Kampala. The government has granted Value Added Tax exemption for companies involved in the production of oil and minerals. There had been mumbling by all players in the oil and gas sector regarding the 18 per cent VAT charge on capital equipment used in prospecting and production of oil and minerals.
In the VAT Amendment Bill 2015, tabled in Parliament by finance minister Matia Kasaijja, it grants the oil and mining companies this exemption.
Mr Kasaijja notes that the amendment is “to provide for tax treatment of the oil and gas and mining sectors.”
“The tax payable on a taxable supply made by a contractor to a licensee to undertake mining or petroleum operations is deemed to have been paid by the licensee to the contractor provided the supply is for use by the licensee solely and exclusively for mining or petroleum operations, as the case may be,” the proposed amendment reads.
At the recently concluded Presidential Investor Round Table, Mr Kasaijja had told oil industry players that companies involved in exploration would be VAT registered but will be exempted from the actual payment.
This had been a demand from the oil companies for over four years, but the government was hesitant to grant the exemption.
During this meeting, the minister had pointed out how cabinet was yet to discuss the proposal.
Cabinet approved the proposal and now it waits passing by Parliament before July 1, 2015.
Oil companies had been against this tax and among them, was Mr Francois Rafin, the Total general manager for nine months, to January 2015.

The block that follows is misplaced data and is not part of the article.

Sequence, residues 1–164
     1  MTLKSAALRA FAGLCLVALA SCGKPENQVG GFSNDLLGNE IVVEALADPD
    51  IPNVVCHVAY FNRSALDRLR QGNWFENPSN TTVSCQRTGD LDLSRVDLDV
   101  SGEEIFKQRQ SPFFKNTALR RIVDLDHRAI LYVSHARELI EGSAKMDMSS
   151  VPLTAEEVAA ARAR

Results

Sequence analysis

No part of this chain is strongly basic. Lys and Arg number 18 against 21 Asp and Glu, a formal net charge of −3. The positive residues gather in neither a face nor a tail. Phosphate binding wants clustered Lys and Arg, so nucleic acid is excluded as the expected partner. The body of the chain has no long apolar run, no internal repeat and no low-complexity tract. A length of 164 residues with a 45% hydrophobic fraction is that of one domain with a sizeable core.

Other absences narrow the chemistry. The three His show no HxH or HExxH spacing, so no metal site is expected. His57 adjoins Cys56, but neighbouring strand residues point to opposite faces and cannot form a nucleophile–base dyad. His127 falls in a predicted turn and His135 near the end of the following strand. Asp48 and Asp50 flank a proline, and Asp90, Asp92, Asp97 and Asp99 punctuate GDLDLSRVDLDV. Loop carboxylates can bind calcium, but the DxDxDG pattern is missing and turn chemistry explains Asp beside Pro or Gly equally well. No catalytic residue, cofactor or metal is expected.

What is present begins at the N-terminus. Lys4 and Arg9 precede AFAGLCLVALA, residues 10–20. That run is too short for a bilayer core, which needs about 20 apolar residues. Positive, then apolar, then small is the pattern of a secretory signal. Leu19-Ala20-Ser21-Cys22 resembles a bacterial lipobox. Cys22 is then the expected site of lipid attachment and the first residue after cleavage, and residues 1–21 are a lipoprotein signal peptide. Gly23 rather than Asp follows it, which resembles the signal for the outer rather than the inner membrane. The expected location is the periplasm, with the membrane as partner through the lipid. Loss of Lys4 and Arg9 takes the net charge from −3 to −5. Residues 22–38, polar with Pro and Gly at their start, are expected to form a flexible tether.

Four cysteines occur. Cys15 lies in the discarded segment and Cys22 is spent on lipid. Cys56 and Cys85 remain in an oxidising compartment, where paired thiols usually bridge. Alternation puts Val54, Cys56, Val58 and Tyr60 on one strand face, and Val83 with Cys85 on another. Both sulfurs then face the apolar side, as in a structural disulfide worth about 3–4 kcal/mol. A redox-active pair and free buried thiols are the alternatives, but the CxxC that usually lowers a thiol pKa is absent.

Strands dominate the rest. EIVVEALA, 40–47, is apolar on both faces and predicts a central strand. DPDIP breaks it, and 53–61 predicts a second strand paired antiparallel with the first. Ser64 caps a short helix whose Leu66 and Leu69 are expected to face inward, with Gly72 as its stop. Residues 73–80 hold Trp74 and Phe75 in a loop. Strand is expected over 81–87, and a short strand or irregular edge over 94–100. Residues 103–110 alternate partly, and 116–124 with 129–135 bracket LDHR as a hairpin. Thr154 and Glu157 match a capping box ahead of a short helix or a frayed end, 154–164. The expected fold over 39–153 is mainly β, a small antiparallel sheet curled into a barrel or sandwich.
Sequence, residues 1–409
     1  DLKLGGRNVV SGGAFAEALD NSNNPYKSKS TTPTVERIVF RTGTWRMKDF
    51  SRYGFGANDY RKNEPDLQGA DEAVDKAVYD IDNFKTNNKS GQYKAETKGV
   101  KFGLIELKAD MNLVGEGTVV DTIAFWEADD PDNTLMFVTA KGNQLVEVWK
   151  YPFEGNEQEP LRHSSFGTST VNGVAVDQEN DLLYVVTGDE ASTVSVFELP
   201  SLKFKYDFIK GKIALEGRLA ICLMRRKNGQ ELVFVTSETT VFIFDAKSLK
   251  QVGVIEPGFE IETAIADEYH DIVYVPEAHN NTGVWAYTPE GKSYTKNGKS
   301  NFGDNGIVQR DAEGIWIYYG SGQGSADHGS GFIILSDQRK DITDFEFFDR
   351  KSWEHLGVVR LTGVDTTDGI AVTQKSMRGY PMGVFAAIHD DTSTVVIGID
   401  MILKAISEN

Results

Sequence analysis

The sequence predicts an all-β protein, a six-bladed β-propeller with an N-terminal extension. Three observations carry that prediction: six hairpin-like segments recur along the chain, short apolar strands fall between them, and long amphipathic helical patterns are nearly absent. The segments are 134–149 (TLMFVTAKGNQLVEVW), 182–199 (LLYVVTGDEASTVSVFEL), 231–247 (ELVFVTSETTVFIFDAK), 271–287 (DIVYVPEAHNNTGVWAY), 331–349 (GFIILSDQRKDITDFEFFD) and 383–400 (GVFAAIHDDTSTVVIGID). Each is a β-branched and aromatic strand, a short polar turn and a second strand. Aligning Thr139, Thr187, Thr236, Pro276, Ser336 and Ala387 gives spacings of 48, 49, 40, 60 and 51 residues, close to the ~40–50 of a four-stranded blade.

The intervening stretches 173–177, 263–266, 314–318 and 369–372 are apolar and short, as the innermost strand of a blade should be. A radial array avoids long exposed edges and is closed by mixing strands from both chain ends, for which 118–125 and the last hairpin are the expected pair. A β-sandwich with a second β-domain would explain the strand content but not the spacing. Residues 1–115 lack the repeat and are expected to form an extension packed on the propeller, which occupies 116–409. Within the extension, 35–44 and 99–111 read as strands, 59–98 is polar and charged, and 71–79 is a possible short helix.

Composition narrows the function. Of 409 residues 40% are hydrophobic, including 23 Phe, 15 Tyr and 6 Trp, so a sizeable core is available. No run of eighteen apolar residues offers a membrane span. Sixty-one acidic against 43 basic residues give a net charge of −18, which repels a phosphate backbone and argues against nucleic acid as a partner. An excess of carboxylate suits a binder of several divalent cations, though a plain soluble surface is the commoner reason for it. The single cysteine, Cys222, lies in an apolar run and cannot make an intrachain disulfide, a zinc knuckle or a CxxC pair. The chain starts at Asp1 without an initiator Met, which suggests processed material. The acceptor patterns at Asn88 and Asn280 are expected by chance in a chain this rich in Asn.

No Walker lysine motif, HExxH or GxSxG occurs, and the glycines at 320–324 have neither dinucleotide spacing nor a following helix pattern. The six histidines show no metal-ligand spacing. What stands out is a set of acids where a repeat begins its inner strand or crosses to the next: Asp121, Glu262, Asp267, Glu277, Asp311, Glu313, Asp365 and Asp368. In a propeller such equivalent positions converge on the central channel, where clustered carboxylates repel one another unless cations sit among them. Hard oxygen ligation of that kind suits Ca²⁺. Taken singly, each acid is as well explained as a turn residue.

“There will be production, and then there will be taxation of the production. There will also be a big share of the production for the government as per the Production Sharing Agreements. However, one has to be patient until production to get taxes. Taxing the investment at this stage, dissuades the investor,” he said before he left Uganda in December 2014.
Additionally, at the investor round table, President Museveni questioned the reasoning for taxing companies yet they were yet to make a discovery.
“Taxing prospectors, to me, I think is total madness. How do you tax someone who has not even started mining? Why not wait?” he said.
Boost local content
Another amendment being proposed by the Ministry of Finance is to the Income Tax Act. Any foreign contractor that wins a service contract from an oil and mining company will be required to pay a 10 per cent service charge.
This amount will be deducted from the total amount of the entire contract. The aim is to encourage local service providers to take on service contracts.
The amendment, doesn’t apply “if the service fee is attributable to a business carried on by the non-resident contractor through a branch in Uganda.”
SOURCE: Daily Monitor